Overcoming My Fear Of Flying

Something strange has happened to me lately.

I noticed it creeping up on me for the past few months; or rather I noticed the absence of it creeping up on me.

That fear that would start a week or more before I knew I was soon to board a plane. It’s a fear I’ve had since my first flight to Bali in 1995. I’ve flown hundreds of times since then and my fear never lessened, getting worse with time and when I became a mother.

I decided to open up and confront my fear on my blogs recently. I’ve talked about it on My Secret Travel Fear, Thoughts that Run through my head when flying, and Drinking bourbon at 10:30am

Since writing those posts for the past 6 months, I have noticed that the fear has slowly started to dissipate. It was nowhere near as bad as what it once was. In fact, I started to feel a little silly for having it. I mean, thoughts of death don’t plague me when I get into a car.

We flew to LA a couple of weeks ago for our Carnival Cruise to Mexico. I was elated. Not just because of the fun we had on the cruise, but because I was not scared flying at all.

Not in the weeks leading up, not in boarding, not in the pull back from the gangway, and not when the flight took off, usually the moment when I fall to pieces (unlike this lady who thought going to the toilet during take-off is a good idea).

overcoming fear of flying

Relaxed on my Virigin Australia flight to LA

I didn’t even need bourbon, wine, or a bop to the head to knock me out. (Although I did have a gin, a wine, and baileys) And on the way home, I slept for a good six hours, waking every now and then with the rattling of the turbulent plane. No thoughts of falling out of the sky, I just felt like I was on a bus in Cambodia.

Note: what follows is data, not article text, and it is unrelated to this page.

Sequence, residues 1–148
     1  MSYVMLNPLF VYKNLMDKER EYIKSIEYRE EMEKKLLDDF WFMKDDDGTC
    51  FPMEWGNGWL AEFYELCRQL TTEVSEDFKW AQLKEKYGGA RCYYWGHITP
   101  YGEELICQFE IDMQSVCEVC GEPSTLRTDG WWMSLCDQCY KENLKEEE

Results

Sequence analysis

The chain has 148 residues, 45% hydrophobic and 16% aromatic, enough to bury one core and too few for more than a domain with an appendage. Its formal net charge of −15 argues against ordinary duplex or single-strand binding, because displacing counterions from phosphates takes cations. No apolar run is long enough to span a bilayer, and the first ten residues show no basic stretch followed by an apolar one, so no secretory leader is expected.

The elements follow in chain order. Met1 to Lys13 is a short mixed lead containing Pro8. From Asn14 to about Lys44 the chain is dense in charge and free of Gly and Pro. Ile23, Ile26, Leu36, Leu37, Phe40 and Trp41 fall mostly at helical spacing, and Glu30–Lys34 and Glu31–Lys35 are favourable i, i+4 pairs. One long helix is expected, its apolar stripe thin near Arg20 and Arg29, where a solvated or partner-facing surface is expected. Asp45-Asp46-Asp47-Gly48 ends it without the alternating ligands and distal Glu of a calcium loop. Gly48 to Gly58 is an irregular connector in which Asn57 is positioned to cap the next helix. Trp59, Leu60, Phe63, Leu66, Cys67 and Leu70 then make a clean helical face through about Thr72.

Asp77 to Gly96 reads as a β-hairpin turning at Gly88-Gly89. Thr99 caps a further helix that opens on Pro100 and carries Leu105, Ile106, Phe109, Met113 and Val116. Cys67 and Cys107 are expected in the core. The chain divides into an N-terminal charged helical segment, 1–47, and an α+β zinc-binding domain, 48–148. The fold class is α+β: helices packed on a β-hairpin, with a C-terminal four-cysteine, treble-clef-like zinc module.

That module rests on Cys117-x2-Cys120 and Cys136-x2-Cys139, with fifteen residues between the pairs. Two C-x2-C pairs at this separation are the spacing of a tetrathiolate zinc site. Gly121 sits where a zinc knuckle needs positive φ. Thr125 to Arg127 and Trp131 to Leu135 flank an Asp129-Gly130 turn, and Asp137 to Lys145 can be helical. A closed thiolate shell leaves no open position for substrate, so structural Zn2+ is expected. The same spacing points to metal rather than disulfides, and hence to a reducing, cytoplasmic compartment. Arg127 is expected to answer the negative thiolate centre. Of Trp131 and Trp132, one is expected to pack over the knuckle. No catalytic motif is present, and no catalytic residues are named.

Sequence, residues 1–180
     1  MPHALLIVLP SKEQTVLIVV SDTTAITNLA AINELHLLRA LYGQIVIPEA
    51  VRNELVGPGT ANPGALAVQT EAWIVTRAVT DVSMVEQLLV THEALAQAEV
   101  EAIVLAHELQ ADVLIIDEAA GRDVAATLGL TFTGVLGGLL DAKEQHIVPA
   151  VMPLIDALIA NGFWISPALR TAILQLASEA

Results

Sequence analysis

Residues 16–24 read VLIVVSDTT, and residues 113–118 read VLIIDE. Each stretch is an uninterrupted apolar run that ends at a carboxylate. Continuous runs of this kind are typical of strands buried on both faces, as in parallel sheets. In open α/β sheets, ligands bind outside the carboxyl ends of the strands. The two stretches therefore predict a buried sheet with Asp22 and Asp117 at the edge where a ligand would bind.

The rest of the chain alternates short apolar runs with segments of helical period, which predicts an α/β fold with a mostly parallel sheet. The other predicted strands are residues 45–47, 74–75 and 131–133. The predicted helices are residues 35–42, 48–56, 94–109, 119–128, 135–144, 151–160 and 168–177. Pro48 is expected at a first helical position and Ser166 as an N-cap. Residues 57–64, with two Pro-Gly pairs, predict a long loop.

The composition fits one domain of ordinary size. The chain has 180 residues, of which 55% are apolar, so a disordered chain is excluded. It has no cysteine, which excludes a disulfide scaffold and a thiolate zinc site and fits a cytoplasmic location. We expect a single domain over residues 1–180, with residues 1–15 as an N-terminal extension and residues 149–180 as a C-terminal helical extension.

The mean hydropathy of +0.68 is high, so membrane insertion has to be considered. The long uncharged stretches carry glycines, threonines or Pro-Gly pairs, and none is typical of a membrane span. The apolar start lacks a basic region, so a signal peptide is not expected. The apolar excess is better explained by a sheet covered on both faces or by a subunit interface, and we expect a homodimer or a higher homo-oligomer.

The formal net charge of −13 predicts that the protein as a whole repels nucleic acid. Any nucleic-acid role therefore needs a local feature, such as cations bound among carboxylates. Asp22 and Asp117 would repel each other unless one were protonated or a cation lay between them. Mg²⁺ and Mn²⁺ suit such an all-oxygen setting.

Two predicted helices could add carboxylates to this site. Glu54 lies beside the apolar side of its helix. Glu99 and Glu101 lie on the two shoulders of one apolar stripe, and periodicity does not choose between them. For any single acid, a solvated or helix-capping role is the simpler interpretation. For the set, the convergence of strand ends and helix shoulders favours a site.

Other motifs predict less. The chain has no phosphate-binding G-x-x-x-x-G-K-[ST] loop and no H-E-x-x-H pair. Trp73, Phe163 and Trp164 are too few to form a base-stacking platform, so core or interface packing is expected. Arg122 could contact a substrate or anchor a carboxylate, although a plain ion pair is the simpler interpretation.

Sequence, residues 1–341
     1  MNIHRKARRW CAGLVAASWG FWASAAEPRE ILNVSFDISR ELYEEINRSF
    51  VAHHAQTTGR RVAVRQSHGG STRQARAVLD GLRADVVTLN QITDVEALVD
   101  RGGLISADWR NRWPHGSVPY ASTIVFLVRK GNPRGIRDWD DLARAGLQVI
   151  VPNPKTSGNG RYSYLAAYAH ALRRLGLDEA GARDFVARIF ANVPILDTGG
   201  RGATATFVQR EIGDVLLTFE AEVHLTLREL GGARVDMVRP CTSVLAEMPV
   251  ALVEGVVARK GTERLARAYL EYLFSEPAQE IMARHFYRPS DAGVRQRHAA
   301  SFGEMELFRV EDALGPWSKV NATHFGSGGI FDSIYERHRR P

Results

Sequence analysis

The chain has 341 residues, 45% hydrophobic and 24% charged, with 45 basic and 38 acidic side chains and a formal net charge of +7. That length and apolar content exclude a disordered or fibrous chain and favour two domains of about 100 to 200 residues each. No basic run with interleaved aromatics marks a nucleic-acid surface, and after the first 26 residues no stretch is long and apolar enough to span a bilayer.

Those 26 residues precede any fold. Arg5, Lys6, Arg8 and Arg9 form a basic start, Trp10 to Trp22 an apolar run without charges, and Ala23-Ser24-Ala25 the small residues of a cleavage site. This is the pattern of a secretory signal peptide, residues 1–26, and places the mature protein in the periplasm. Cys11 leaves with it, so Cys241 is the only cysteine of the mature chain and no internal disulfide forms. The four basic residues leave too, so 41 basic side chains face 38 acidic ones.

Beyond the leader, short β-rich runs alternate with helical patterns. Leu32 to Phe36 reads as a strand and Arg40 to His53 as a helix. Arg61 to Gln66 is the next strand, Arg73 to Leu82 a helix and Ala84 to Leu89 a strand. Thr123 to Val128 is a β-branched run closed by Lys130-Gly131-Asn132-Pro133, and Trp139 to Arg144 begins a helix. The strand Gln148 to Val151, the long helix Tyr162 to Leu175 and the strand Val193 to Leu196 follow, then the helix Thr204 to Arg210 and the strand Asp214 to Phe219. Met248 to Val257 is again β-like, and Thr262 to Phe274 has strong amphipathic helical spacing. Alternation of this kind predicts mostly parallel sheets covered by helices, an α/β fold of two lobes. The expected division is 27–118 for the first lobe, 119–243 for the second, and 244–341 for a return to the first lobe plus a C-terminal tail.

Last weekend I was slightly nervous about flying a small twin propeller regional airplane. I think I was slightly nervous through habit. As the plane took off and rattled a bit, I stared out the window enjoying every second. I was at peace.

I thought long and hard as to why now. Why after all these years and flights have I finally gotten a grip and the fear has left me?

I think it is simply because I chose to own my fear and control it.

When we bury our fears deep within us, we give the fear the power. We allow the fear the space to bury itself and take control. We let it dominate our minds and do stupid things like hide in our bedrooms, wave goodbye to our dreams, or drink bourbon for breakfast.

When we stand up and admit our fears, we take our control back. We own it and in the owning we refuse to let it tell us how to run our life. Once you own the fear its power starts to melt away.

Your Turn to Share Tips:

What fears have you learned to own and control?

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